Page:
Some complain about prices, but IOC officials and sponsors say they are very competitive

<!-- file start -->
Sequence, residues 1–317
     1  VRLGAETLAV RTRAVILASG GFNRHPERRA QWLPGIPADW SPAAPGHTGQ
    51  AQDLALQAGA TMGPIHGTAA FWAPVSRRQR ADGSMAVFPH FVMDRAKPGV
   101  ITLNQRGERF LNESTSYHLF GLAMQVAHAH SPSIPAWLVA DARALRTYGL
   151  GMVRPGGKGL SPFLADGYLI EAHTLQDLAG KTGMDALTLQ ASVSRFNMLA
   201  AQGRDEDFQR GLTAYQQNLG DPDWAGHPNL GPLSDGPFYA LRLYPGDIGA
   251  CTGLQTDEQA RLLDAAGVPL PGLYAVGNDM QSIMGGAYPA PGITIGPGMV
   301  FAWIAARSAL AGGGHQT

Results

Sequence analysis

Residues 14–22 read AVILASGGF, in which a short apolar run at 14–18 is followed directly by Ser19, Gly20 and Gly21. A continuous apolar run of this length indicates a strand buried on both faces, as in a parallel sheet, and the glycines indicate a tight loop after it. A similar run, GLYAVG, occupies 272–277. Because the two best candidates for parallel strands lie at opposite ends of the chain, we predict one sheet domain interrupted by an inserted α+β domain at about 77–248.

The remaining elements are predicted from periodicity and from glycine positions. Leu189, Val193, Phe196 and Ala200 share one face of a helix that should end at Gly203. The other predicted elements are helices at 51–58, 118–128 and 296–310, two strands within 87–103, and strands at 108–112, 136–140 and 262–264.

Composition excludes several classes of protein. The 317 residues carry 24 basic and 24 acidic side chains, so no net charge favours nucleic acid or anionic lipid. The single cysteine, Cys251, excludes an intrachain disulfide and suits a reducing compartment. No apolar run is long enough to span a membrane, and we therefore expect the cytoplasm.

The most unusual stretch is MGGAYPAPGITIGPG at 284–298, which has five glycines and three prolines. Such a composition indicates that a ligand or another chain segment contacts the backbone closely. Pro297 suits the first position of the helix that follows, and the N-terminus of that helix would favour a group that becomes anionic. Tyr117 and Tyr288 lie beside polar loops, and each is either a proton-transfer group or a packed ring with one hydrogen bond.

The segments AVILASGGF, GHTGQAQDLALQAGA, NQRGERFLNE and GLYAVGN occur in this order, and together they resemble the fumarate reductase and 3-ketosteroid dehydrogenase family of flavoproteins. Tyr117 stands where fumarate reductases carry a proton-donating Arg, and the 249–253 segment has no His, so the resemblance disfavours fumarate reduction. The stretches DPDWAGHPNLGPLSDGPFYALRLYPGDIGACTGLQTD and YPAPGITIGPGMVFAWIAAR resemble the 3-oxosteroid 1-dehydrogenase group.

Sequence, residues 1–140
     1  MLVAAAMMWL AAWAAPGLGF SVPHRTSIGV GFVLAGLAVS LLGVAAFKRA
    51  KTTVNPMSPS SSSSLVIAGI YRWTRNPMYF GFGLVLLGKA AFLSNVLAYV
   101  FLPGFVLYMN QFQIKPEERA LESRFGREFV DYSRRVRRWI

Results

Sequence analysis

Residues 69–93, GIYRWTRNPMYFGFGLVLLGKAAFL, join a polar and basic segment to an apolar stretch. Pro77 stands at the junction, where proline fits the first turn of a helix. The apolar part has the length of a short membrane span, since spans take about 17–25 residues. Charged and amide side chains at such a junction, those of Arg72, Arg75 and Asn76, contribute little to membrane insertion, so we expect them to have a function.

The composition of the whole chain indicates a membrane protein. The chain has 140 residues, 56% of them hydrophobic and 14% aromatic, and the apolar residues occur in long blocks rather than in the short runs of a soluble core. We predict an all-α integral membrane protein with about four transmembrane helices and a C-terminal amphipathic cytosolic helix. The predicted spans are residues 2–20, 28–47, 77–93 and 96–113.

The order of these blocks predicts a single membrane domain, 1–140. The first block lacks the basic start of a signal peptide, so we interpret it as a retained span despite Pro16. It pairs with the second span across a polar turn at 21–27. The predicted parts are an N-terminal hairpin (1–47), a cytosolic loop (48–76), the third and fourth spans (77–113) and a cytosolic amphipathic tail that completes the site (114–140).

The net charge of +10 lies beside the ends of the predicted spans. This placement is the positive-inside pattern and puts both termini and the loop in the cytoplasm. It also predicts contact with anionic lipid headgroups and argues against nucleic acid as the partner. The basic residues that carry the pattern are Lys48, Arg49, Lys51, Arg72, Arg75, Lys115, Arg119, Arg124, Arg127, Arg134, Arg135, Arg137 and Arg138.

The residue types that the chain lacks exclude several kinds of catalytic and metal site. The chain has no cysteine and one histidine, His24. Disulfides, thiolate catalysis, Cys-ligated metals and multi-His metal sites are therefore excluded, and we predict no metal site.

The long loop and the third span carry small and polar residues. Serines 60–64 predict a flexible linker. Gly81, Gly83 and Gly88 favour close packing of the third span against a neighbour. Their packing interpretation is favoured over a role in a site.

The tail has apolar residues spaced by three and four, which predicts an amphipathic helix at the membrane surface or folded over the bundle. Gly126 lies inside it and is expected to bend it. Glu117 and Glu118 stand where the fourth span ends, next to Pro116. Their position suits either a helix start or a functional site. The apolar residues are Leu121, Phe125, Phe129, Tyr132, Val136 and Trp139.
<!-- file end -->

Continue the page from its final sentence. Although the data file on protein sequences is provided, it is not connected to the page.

Cheap or expensive? The question emerged as soon as Athens 2004, the games organizers, had announced the ticket prices on Wednesday afternoon. Some media representatives had apparently taken the government line that the Games would be «affordable for all Greeks,» as Culture Minister Evangelos Venizelos had repeated earlier that day, too literally. So, when Athens 2004 Chief Operating Officer Marton Simitsek said, «We did not say that all Greeks can attend all the events,» the reaction among the media representatives present was mostly hostile. «Simitsek punctures the myth of the Olympics for all Greeks,» one of them said. In the end, most of the following day’s relevant headlines did not reflect that mood, although some did. For those familiar with Sydney’s pricing structure, however, the prices were a positive surprise. «Athens 2004 did a very good job: The tickets are available at affordable prices and access to them is easy thanks to the use of the best means, including the Internet. Furthermore, easy access to the Games has been rendered possible for all spectators,» said Denis Oswald, chairman of the International Olympic Committee’s Coordination Commission, which oversees preparations for the Athens Games. The last part of his statement refers to the fact that the ticket price includes public transport to and from the venues, something not included at previous Olympics. «We are pleased that the ticket prices are competitive compared to those of Sydney, and in fact cheaper because we believe that the demand for tickets in Greece will be quite high,» said Peter Franklin, Director of sponsor Coca-Cola’s Sports Program. A comparison with Sydney prices (adjusted for inflation, according to Athens 2004) shows, for example, that spectators paid from 22 to 29 percent more to attend swimming qualifiers, and from 31 to 65 percent more to attend the finals, than Athens spectators will pay. In athletics, another popular event, Athens spectators will pay from 54 to 66 percent less than in Sydney to watch qualifiers, 15 to 40 percent less to watch finals and, on the final day, 3 to 47 percent less. A further look at the charts shows that the spread in prices will be much bigger in Athens, mostly because the cheapest tickets will be really cheap. Thus, as Simitsek said, the cheaper tickets are, in fact, subsidized by the more expensive ones. In this way, Athens 2004 hopes to draw spectators and fill the stadiums. Officials are confident venues will be full and have excluded taking schoolchildren and army conscripts to attend events for free, as happened during the 1997 World Athletics Championships.

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